Wednesday

2nd Dec 2020

UK's Labour party takes up anti-EU migrant stance

  • Labour leader Ed Miliband: A shift to the right? (Photo: labour.org.uk)

The UK's main opposition Labour Party on Tuesday (18 November) announced plans to crack down on EU migrants amid a heated debate on in the issue across the political spectrum.

Labour wants EU nationals in Britain to be entitled to out-of-work benefits only after two years.

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The party also promised another 1,000 border guards should they win in the elections. Visiting Americans, Australians and Canadians would be charged £10 each to help cover the extra policing fees.

The move is seen as an attempt to woo voters as Labour and the governing Conservatives scramble to halt the steady advance of Ukip, the populist anti-immigrant and eurosceptic party headed by Nigel Farage.

The BBC reports Britain’s shadow work and pensions secretary, Rachel Reeves, also wants to stop EU migrants from sending child benefits abroad.

Reeves outlined her plans on Mail Online, a right-wing tabloid, noting that the UK’s social security system “was never designed for the levels of migration we are now seeing”.

The clampdown proposals go beyond the plans set out by prime minister David Cameron who wants out-of-work EU nationals to prove they can find a job after six months on benefits or risk losing the security net.

Cameron is expected to flesh out his proposals in the next few weeks.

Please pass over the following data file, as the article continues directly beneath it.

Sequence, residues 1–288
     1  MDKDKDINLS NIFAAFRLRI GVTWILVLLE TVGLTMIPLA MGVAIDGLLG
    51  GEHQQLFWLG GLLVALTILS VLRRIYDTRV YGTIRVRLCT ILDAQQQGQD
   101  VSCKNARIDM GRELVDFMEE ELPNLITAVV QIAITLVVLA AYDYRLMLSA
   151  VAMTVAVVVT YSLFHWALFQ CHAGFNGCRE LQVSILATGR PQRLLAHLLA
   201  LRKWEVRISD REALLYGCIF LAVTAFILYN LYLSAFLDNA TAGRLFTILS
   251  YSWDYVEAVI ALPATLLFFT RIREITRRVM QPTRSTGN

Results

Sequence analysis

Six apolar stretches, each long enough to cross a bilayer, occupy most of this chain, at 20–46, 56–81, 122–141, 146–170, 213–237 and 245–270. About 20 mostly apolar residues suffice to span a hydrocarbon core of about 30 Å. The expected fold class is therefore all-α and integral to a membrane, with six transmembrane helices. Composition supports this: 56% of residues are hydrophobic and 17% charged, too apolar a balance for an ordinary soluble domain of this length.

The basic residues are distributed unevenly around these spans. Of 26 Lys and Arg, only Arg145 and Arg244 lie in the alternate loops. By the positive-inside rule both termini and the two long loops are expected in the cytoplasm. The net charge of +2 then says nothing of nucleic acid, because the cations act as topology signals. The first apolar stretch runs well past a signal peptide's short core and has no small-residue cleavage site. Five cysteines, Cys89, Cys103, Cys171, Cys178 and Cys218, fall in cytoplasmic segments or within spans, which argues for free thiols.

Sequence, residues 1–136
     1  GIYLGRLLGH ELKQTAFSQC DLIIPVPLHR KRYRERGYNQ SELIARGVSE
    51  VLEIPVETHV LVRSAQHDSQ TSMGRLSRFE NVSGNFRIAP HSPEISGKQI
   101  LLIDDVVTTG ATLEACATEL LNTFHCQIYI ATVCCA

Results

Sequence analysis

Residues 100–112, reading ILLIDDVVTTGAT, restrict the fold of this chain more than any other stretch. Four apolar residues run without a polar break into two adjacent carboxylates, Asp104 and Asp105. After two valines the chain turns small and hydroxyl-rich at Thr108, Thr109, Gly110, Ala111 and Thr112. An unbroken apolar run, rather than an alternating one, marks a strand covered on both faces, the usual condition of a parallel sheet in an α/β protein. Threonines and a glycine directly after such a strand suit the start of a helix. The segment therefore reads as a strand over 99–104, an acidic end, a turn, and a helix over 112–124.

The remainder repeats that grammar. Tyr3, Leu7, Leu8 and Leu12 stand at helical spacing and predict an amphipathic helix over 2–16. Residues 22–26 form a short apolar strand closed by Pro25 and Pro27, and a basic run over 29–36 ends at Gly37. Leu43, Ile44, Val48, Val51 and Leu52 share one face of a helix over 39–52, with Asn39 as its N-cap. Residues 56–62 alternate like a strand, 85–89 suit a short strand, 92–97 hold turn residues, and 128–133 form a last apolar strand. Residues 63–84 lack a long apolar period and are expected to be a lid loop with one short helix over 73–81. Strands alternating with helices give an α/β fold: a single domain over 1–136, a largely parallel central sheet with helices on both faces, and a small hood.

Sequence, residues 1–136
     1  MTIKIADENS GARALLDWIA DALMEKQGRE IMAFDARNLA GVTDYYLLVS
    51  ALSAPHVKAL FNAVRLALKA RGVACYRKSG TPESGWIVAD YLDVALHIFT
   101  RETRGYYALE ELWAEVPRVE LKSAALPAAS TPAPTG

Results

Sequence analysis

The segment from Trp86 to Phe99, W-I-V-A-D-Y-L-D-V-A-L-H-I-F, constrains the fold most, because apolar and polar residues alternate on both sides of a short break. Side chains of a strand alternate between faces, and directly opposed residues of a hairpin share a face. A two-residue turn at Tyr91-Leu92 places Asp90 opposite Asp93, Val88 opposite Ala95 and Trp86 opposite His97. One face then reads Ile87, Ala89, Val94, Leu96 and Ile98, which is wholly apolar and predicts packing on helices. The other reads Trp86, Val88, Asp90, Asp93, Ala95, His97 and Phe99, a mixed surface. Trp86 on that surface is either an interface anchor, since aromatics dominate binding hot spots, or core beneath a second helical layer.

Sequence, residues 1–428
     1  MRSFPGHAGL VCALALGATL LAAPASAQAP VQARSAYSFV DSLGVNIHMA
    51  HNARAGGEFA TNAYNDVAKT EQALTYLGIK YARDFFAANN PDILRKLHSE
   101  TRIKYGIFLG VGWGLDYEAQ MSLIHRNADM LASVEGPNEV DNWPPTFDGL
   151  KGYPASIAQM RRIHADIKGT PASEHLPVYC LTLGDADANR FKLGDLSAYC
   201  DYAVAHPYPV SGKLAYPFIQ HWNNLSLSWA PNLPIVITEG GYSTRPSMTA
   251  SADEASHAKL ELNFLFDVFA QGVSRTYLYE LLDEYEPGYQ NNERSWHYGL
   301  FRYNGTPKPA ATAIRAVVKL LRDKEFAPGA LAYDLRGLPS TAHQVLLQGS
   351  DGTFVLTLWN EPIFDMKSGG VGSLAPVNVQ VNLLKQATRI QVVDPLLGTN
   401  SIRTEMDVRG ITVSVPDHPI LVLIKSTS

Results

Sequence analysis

The battle to secure the anti-immigrant voter took off following an outcry against lifting all remaining labour restrictions on Romanians and Bulgarians at the start of this year.

The debate has centred on allegations of abuse of the UK social system despite recent research that shows the arrivals paid €25 billion more in tax to the treasury than they received in welfare benefits.

But the public fears have seen Cameron threaten to restrict the free movement of people in a move widely condemned by Germany’s chancellor Angela Merkel.

The German leader is reported to have said any such restriction would be a point of no return should the UK exit the EU in a possible 2017 referendum.

The domestic debate has taken on feverish pitch ahead of a key by-election in the UK on Thursday (20 November) with Ukip set to win the seat, according to the latest polls.

Meanwhile, the UK has granted more citizenships to migrants in 2012 than any other EU member state, according to the EU’s statistical office, Eurostat.

The UK granted 193,900 people citizenship, the equivalent of 23.7 percent of all new citizenships in the EU member states, followed by Germany (14.0%) and France (11.7%).

But when compared to population size, Luxembourg tops the list at 8.7 citizenships granted per 1,000 inhabitants, followed by Ireland at 5.5 and Sweden at 5.3. The UK is at 3.0.

EU pushes back against rising homophobia

The EU Commission plans a proposal to ensure recognition children-parent relations in cross border situations, and legislation to support the mutual recognition of parenthood between member states.

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